Archive for Sunday, June 30, 2002

Confidentiality of mediation binding on spouses, lawyers

June 30, 2002


My husband and I decided to use mediation to try to work out our marital problems. When we saw it was not working, we went to court. I went into mediation with what I thought was a clear understanding that the results could not be brought up in court. But my husband's lawyer put inside information about the mediation in his brief that went to the judge. My lawyer tells me not to worry because judges don't read the briefs, but I don't believe I can get a fair trial now.

We tend to agree with your assessment, not your lawyer's. If the mediation process was not cloaked with confidentiality, why would anyone in his or her right mind even think about using this process in good faith? Without confidentiality, one spouse could take advantage of the other much like your husband is trying to do here.

But the confidentiality provisions are binding not only on the spouses who mediate, but also on the lawyers. If your husband's lawyer gave confidential settlement information to a judge, that judge should not hear your case.

We also believe that your husband's lawyer should be sanctioned for engaging in these tactics.

Since a number of courts throughout the country have dealt with this disturbing maneuver, tell your lawyer to research the issue before deciding to throw in the towel and do nothing.

My husband and I are finally calling it quits after more than 20 years of marriage and three children. I stopped my college education after two years to go to work so that my husband could get his law degree. Now, at 43, with no educational or work background, the prospects of my becoming employed in this economy appear bleak, to say the least. On the other hand, my husband has been practicing law for 13 years, earns a nice income (which is increasing), and has built up a healthy profit-sharing plan. Even though he and I have agreed to divide the property and have agreed to a fair amount of support and alimony, he doesn't have enough money to take care of his expenses, to pay me support and alimony, and to pay for me to complete my college education and get a physical therapy degree, which will take me a total of five more years if I go to school year-round. In this way, I will be able to make a good living, and he can reduce my alimony. Are there ways in which I can get the money to do this without taking out loans that scare me to death?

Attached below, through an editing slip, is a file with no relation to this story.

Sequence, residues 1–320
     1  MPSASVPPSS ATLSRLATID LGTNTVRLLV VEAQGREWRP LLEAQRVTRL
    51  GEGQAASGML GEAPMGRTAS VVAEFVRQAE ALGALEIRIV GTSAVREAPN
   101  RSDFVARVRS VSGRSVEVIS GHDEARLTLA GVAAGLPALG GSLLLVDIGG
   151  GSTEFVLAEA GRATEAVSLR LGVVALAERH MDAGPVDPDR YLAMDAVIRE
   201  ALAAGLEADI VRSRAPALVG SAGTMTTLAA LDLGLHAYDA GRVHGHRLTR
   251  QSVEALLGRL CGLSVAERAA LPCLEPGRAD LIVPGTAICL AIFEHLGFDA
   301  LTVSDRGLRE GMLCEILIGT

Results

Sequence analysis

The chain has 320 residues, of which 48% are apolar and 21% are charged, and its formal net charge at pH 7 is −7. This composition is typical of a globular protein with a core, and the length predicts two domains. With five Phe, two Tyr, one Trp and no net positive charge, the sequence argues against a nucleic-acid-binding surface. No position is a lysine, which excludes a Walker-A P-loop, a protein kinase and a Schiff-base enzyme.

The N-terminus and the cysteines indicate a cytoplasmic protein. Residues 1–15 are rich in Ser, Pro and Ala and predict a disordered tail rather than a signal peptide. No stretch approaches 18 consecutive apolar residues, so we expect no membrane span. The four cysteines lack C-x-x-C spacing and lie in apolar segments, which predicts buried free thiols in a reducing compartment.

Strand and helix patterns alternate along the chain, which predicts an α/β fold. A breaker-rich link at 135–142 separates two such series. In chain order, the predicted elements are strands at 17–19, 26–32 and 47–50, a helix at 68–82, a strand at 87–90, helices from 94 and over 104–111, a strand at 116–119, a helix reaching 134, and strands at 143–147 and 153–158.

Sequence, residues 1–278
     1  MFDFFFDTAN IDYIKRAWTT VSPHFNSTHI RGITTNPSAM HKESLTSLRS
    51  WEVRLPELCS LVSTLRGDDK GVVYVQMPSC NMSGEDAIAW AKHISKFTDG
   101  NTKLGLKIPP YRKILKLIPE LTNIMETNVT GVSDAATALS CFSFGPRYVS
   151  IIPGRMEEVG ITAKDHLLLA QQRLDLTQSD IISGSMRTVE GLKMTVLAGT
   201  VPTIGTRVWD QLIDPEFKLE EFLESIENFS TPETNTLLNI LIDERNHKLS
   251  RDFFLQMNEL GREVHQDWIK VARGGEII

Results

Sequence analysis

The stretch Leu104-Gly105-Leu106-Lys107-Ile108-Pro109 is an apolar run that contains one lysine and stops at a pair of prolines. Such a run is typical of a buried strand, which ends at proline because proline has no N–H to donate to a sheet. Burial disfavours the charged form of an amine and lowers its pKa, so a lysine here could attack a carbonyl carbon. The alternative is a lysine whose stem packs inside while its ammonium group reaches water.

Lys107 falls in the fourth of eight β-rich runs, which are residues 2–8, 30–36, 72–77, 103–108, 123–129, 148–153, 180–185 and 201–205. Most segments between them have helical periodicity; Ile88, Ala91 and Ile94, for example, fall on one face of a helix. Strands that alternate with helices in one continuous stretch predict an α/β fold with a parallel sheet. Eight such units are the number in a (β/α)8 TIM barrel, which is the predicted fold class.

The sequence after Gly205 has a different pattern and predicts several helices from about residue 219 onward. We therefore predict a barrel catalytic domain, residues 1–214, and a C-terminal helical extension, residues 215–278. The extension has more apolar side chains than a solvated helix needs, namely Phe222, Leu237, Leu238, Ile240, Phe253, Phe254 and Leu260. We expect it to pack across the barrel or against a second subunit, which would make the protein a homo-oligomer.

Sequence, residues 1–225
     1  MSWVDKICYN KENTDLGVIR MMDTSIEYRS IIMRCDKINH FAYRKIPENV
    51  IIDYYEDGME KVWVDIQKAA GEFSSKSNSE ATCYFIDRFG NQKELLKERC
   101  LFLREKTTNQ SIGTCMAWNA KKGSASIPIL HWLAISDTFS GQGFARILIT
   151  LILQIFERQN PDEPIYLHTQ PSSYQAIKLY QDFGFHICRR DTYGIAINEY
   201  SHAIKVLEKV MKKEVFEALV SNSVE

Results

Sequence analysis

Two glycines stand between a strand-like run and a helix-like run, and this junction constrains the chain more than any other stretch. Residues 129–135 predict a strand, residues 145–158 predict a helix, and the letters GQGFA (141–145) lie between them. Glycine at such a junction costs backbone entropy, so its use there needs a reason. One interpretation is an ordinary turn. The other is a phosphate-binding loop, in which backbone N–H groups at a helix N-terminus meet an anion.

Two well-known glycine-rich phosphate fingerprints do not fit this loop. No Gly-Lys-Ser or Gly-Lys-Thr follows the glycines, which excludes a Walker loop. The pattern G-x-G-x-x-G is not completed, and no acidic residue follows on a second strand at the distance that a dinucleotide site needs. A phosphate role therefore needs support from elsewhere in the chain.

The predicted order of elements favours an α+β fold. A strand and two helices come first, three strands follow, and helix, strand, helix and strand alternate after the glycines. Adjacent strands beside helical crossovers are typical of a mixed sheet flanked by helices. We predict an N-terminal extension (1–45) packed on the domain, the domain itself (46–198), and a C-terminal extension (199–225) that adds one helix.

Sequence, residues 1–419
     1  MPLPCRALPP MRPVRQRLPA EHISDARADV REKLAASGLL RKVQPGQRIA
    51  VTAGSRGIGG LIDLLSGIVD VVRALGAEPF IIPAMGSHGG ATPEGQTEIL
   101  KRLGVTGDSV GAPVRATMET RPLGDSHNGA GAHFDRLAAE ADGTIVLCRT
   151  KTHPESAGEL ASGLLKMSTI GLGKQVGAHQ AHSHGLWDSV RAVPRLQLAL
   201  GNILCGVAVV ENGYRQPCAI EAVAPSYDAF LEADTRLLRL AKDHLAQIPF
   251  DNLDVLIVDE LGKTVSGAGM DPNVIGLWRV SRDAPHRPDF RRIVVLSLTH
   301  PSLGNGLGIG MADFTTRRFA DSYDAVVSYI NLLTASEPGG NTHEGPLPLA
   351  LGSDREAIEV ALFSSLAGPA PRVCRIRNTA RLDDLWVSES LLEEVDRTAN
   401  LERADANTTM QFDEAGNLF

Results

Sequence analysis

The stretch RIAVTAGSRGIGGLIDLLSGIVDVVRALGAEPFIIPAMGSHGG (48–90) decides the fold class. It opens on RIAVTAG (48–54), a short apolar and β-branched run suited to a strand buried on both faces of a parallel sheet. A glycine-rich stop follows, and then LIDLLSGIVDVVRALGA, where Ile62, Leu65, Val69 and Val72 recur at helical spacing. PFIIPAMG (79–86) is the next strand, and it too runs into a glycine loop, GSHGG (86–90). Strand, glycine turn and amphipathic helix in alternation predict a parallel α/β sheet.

Since your husband appears to have a number of high-wage earning years ahead of him during which he will continue to contribute to his profit-sharing plan, it might not be a bad idea for you and for him to consider increasing the portion of his profit-sharing plan that will be rolled over into your IRA in an amount sufficient to cover your educational expenses.

In this way, the funds you use will be more or less transparent to him and will not affect his current economics. You, as a taxpayer, will be able to take distributions from your individual retirement plan (IRA) to pay your expenses for "qualified higher education" without incurring the 10 percent penalty for early withdrawals. This amendment to Section 72(t) became effective Dec. 31, 1997.

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